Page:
Now, maybe this is a problem with having such a small crew of mostly 18-year olds, or maybe it’s because there weren’t more qualified officers available, but the drama on the Argo‘s bridge should never have happened. Even if there weren’t signs of Avatar’s illness before they began their mission (there were), some line of succession should have already been in place. If there wasn’t, Avatar should have appointed a Deputy Captain before the operation. Perhaps this information was contained in the file Avatar mentioned to Dr. Sane, but it didn’t do a lot of good here.

Story note: In the original scenario, while Captain Okita was in emergency surgery, Kodai sought the advice of Sandor and Orion before responding to the Balanodon attack with the Wave-Motion Gun. To better emphasize this as his coming-of-age story, the writers decided that Kodai would make the choice on his own.

On the Argo, two Science Group members report that there’s a crack in the lower gun deck. A short time later, Orion enters a small maintenance tunnel and says that everything was fine before the firing, that the Wave-Motion Gun shock caused the damage.

Some time later, the medical bay gallery is packed with Star Force crewmen. In the bay itself, Wildstar, Venture, Nova, Dr. Sane, and IQ-9 are with Avatar. Avatar commends Wildstar for taking the initiative to save the ship. The damage is regrettable, but the ship survived thanks to him.

Story note: Captain Avatar casually mentions here that he’s “seen lions push their cubs out of the cave to help them become good fighters.” It works as a metaphor when he observes that Wildstar “left the cave” on his own, but it seems a bit out of left field when we ponder it literally. Did a younger Avatar spend time as a zoologist in Africa in the years before the planet bombing? If so, he has certainly lead a full, rich life.

On the Balan base, there’s quite a different meeting between an officer and a subordinate. Lysis states the obvious: Volgar knew the Star Force had a Wave-Motion Gun, so he shouldn’t have been surprised that they’d use it. “Did you think they were just going to fly into your trap like your stupid dummy of the Argo? That’s all you’re good for Volgar, shooting down dummies!!”

In Lysis’ thoughts, however, he’s wondering how to defeat the Star Force. He almost sounds upset that Volgar failed.

“There are only 263 days left.”

Continue to episode 18

One thought on “Episode 17 Commentary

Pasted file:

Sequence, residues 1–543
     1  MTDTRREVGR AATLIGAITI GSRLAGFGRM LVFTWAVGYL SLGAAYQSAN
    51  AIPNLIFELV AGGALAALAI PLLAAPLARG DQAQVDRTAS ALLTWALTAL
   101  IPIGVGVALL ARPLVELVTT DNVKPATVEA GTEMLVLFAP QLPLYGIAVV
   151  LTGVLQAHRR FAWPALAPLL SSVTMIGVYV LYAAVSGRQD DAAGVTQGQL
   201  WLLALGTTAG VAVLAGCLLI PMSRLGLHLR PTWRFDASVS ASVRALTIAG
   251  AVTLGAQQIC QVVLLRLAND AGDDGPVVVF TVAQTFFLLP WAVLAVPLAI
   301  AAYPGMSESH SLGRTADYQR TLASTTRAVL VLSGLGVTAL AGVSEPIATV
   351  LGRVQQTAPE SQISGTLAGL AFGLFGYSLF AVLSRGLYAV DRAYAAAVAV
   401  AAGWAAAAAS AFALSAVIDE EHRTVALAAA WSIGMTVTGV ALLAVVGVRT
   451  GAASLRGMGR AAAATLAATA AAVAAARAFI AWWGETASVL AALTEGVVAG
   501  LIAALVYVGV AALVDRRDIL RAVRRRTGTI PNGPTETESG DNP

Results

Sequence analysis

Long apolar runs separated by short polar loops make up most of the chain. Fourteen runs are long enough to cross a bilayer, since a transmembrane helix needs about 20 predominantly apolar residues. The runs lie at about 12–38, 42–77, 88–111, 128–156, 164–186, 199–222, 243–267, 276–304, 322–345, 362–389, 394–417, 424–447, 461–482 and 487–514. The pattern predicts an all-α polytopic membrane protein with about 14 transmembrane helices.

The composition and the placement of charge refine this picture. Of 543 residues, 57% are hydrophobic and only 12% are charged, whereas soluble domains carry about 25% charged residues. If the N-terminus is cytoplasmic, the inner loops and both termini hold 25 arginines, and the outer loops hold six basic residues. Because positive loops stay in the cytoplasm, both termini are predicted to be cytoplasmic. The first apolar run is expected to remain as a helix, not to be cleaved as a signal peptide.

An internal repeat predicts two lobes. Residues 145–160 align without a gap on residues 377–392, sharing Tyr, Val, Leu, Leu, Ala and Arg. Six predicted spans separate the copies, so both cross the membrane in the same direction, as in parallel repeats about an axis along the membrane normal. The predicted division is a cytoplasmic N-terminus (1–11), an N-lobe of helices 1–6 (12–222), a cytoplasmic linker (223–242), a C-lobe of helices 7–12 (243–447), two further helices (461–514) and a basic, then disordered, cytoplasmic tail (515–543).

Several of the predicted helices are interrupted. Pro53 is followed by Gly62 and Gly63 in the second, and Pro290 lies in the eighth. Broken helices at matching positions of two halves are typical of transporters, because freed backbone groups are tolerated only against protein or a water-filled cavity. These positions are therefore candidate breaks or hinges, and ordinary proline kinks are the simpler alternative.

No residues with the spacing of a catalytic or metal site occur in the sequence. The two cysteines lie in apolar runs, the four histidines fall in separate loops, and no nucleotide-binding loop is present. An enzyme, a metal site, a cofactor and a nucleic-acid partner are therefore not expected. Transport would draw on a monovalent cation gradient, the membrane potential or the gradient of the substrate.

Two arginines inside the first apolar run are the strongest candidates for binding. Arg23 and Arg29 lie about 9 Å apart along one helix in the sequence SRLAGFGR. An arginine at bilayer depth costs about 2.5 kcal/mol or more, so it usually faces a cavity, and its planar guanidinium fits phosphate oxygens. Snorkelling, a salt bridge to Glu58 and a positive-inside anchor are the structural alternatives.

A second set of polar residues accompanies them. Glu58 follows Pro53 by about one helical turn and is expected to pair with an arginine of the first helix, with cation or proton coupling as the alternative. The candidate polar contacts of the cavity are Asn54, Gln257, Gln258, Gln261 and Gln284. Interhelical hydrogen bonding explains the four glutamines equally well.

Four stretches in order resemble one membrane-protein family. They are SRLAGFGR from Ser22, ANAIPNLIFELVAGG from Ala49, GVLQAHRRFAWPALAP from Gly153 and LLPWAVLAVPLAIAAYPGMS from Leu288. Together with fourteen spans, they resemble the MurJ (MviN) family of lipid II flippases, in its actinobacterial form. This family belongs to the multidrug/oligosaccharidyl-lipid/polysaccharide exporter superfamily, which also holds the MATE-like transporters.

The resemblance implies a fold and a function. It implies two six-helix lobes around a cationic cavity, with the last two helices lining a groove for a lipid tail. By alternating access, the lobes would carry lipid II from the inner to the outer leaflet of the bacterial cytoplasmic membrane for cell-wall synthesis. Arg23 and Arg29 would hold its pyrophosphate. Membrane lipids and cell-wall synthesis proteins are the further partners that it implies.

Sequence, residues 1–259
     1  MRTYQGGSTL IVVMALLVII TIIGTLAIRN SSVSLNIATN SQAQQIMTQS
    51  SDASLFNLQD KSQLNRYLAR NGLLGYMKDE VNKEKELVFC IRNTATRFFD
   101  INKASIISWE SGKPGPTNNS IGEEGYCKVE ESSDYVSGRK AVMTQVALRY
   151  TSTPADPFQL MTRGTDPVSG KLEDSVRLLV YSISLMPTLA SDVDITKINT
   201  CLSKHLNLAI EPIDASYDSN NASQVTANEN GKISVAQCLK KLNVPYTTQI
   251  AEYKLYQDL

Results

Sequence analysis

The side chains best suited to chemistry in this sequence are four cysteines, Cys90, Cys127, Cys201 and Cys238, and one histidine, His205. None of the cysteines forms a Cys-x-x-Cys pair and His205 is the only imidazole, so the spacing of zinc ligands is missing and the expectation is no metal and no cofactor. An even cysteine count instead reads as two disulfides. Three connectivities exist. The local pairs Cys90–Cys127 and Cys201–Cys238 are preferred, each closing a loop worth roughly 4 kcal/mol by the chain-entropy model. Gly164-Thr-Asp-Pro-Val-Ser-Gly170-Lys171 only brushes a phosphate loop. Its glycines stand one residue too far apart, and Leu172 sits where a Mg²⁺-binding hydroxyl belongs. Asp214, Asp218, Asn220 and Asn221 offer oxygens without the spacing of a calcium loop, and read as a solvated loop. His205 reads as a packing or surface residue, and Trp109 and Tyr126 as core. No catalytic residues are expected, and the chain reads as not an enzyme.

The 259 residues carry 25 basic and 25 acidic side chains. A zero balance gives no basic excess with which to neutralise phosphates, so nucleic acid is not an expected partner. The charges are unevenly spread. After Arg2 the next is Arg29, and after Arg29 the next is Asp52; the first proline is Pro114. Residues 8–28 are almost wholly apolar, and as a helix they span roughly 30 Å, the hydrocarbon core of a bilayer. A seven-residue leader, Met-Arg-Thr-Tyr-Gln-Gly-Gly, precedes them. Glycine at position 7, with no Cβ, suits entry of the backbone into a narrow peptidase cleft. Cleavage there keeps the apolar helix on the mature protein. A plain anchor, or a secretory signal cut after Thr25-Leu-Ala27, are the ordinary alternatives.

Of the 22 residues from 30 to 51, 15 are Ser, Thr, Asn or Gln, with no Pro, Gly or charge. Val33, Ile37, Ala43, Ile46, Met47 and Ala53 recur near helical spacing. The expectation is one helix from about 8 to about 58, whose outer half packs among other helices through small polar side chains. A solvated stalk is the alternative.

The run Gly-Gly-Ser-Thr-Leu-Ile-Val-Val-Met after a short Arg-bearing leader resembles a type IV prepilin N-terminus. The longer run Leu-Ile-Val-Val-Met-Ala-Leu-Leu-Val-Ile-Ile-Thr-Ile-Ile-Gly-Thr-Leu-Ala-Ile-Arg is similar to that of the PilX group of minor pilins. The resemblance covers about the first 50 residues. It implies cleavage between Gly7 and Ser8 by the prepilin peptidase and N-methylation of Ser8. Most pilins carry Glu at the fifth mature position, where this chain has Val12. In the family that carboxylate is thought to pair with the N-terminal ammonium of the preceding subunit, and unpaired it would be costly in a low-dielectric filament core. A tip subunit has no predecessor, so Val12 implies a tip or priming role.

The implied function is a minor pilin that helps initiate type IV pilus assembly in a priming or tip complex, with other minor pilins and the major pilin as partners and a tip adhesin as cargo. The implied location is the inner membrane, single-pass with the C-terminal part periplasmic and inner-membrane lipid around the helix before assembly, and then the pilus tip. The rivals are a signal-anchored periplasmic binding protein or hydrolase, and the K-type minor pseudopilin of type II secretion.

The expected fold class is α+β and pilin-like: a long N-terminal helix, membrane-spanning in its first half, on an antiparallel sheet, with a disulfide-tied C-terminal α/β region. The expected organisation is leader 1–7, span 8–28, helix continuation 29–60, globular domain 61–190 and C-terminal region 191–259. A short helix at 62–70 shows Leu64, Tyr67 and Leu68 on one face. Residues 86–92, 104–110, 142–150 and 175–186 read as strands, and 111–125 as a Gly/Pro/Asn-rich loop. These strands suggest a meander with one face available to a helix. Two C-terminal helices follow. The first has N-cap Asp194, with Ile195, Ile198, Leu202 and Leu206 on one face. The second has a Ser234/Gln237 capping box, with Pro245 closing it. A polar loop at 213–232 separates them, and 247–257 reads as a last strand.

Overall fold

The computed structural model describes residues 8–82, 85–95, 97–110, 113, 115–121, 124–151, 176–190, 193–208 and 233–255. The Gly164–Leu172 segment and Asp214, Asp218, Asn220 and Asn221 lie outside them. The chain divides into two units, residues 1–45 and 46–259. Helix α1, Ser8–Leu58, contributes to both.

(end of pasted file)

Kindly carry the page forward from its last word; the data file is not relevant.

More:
1. I am somewhat baffled by how Balan rotating faster apparently cancels out its intrinsic gravitational pull (and why the writers didn’t just say it was the base’s artificial gravity that resolved this problem).
    If we assume an Earth-like composition for Balan, then it should have a radius about 2.3 times that of Earth and a surface gravity around 4 times that of Earth. From what we know of Gamilon (as mentioned in Episode 23) and making the same Earth-like assumption, Gamilon should have a surface gravity about 1.5 times Earth’s (as should Iscandar). Balan would only have about 2.7 times Gamilon’s gravity: so it’s not great for the Gamilons, but not so bad as it would be for the Earthlings.
    It’s also very unusual to have a planet with a mass 20 times that of Earth that is still rocky, since the aforementioned gravitational pull will be strong enough to capture large amounts of hydrogen and helium from the protoplanetary disk (this is exactly how gas giants are predicted to form). That, though, is marginally more forgivable since the protoplanetary disk hypothesis of planet formation had only been recently proposed when this episode was written. Furthermore, though rocky planets of this size are extremely unusual, it’s not unknown: for example, Kepler-277b has a mass of 83 times that of the Earth, with a radius only three times Earth’s, and therefore almost certainly rocky. In Balan’s case, given we know it was ejected from its own star system, it’s not difficult to postulate some kind of close encounter with its host star that could have vaporized the atmosphere and flung it away at the same time.